What is stillbirth?
Stillbirth is a common term for death of a fetus after 20 weeks of pregnancy.
What causes stillbirth?
The cause of stillbirth in not always known. Known causes may include:
- Placental problems including poor blood flow, abruption (early separation of placenta), twin-to-twin transfusion (when twins share a placenta)
- Poor fetal growth
- Genetic or chromosomal abnormality in the fetus
- Infection in the mother or in the fetal tissues
- Rh disease. A blood incompatibility problem between the mother and fetus.
- Cord problems such as knots, tightened cord, cord wrapped around the body or neck, cord prolapse
Who is at risk for stillbirth?
Most pregnancies are at low risk for stillbirth. You may be at higher risk for stillbirth if you:
- Are African American
- Are obese
- Are having your first pregnancy
- Are older than 35
- Are pregnant with twins or more
- Have high blood pressure
- Have diabetes
- Have a thyroid disorder
- Have kidney disease
- Have a blood clotting disorder
- Have a long-term (chronic) condition such as lupus
- Had a stillbirth in the past
- Smoke, drink, or use drugs
- Have poor or no prenatal care
- Are a victim of intimate partner violence
What are the symptoms of stillbirth?
These are the most common symptoms of stillbirth:
- Your developing baby stops moving and kicking
- You have spotting or bleeding from your vagina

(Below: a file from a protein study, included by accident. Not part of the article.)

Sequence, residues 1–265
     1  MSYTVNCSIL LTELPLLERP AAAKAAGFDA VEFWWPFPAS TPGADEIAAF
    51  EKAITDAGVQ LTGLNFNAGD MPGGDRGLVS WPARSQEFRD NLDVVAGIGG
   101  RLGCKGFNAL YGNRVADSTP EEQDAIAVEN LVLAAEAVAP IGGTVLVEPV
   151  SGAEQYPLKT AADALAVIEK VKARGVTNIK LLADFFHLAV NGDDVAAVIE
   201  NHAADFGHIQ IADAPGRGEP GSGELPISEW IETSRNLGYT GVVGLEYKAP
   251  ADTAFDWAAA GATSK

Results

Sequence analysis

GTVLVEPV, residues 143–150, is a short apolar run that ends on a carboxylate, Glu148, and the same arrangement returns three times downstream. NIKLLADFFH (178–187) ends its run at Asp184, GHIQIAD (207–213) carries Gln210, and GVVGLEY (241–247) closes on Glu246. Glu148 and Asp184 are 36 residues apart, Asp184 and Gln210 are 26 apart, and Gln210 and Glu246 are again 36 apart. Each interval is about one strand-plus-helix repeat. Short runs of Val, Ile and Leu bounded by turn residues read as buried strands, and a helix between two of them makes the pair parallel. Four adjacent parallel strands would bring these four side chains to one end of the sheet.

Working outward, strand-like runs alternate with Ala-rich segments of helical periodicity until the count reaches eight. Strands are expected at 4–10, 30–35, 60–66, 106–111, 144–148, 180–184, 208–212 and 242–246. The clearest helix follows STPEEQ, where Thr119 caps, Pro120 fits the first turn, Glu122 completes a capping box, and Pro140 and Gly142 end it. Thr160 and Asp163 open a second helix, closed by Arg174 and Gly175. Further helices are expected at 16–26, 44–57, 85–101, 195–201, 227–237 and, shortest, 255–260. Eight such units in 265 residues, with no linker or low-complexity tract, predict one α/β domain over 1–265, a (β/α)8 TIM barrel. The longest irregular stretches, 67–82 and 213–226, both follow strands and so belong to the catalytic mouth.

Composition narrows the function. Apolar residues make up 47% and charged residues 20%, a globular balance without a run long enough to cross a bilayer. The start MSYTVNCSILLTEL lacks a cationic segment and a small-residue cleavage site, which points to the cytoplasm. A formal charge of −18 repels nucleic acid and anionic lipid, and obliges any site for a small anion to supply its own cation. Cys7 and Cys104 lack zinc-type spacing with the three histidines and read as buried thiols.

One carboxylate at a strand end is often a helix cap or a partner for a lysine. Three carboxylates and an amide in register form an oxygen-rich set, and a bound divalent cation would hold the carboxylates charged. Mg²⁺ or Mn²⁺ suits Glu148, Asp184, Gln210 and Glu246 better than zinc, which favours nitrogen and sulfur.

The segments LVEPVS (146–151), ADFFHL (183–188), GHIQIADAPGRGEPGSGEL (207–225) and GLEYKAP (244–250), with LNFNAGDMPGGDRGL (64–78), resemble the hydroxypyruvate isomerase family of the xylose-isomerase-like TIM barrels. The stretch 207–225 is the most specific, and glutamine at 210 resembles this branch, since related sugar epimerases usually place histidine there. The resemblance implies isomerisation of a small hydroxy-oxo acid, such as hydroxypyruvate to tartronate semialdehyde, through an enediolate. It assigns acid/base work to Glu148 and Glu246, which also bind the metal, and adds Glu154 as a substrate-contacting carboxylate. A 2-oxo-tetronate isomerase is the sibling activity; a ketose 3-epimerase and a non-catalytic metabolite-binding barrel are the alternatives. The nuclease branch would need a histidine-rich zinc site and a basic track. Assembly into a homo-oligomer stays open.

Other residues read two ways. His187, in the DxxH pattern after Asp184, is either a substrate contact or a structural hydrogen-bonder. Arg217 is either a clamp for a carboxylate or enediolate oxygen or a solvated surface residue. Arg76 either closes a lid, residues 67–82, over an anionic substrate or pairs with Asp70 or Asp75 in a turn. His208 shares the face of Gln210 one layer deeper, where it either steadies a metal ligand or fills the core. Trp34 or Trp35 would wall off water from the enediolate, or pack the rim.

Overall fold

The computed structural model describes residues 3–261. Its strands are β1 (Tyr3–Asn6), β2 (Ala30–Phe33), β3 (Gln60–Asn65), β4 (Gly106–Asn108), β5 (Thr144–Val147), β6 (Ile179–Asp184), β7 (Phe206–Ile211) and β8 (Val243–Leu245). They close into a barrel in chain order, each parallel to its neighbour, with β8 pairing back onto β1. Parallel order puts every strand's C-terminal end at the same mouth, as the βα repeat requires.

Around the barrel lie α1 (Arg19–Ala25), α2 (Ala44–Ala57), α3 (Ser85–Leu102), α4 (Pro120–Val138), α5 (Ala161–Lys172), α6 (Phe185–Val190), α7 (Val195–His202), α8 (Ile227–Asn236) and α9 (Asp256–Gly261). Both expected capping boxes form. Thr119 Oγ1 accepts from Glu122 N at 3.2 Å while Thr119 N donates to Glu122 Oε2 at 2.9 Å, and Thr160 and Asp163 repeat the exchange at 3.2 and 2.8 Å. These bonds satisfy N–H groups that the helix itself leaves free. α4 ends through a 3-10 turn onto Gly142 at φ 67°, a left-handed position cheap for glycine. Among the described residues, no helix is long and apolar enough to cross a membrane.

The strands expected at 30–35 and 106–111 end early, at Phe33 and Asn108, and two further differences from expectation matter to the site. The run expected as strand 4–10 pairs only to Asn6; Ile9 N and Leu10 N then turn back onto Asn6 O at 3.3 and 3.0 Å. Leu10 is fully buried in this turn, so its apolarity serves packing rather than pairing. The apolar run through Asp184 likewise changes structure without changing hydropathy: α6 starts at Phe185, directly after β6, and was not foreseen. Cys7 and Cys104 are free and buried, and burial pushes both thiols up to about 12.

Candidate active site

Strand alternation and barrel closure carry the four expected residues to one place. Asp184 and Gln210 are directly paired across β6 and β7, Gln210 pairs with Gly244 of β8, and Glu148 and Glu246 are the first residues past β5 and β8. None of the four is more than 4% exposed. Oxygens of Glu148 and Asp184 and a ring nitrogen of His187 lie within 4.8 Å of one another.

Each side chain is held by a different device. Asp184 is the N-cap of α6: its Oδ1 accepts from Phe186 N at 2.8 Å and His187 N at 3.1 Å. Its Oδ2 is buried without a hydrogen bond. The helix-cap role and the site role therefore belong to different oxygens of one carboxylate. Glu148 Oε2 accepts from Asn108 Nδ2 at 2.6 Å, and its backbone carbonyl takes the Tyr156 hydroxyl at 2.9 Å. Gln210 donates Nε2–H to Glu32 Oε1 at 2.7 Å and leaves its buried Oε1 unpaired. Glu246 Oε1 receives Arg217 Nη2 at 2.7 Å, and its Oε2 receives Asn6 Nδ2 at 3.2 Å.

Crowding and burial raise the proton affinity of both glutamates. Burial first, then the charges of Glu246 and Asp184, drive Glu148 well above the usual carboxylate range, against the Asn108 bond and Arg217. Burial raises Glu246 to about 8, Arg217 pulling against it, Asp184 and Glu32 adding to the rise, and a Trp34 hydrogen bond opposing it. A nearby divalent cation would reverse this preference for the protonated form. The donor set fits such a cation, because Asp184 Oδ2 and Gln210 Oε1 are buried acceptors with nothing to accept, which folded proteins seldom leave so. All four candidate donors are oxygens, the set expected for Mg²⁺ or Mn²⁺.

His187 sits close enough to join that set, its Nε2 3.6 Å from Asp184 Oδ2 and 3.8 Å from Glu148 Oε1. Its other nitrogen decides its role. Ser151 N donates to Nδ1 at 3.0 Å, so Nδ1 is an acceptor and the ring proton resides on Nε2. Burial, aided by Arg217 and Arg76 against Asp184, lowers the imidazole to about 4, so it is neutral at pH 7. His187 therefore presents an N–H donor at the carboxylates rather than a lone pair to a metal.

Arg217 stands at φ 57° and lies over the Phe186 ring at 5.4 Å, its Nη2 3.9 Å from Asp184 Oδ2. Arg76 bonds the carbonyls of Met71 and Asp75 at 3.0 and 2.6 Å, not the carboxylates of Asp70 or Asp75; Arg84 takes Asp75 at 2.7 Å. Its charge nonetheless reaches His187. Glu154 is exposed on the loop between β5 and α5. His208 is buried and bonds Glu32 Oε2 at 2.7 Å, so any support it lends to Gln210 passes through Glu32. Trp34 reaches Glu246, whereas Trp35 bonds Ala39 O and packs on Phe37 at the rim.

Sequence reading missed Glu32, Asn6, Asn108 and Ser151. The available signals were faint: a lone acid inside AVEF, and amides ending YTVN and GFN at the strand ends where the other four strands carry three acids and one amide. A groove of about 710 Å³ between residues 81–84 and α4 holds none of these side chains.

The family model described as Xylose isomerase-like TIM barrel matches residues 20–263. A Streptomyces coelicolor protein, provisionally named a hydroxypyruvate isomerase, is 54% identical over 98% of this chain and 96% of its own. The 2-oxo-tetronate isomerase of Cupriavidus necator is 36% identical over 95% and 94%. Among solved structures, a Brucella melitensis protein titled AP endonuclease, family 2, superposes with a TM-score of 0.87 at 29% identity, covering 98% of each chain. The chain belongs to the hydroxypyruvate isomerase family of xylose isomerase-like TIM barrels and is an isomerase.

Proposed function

Other symptoms may or may not be linked to stillbirth. The symptoms of stillbirth may look like other health conditions. Always see your healthcare provider for a diagnosis.
How is stillbirth diagnosed?
See your healthcare provider right away if your developing baby stops moving or if the movements slow down. Also see your provider right away if you have spotting or bleeding. Your provider will listen with a special stethoscope or sound waves for the baby's heartbeat. If the provider does not hear a heartbeat, you will need a follow up ultrasound to make the final diagnosis.
How is stillbirth treated?
Treatment of stillbirth depends on many things. This includes the number of weeks of pregnancy, the size of the fetus, and how long since the fetal heartbeat stopped. Treatment may include:
- Waiting until you go into labor on your own
- Stretching open (dilating) the cervix and using instruments to deliver the fetus and tissues
- Inducing labor with medicines. This opens the cervix and makes the uterus contract and push out the fetus and tissues.
What are the complications of stillbirth?
Stillbirth is very difficult for parents and other family members. It’s sometimes harder than an earlier miscarriage. This is because it happens when the fetus has developed and you have felt movement. Often, the baby is fully formed and is delivered just as any baby. It may be very hard emotionally for you to go through labor, yet not have a baby to take home. Counseling is important for all parents with a stillbirth. This helps them understand their feelings and start the work of grieving.
Depending on the cause of the stillbirth, you may have an increased risk for stillbirth with a future pregnancy. Your healthcare provider may recommend genetic counseling for you and your partner if you want to get pregnant again after a stillbirth.
Can stillbirth be prevented?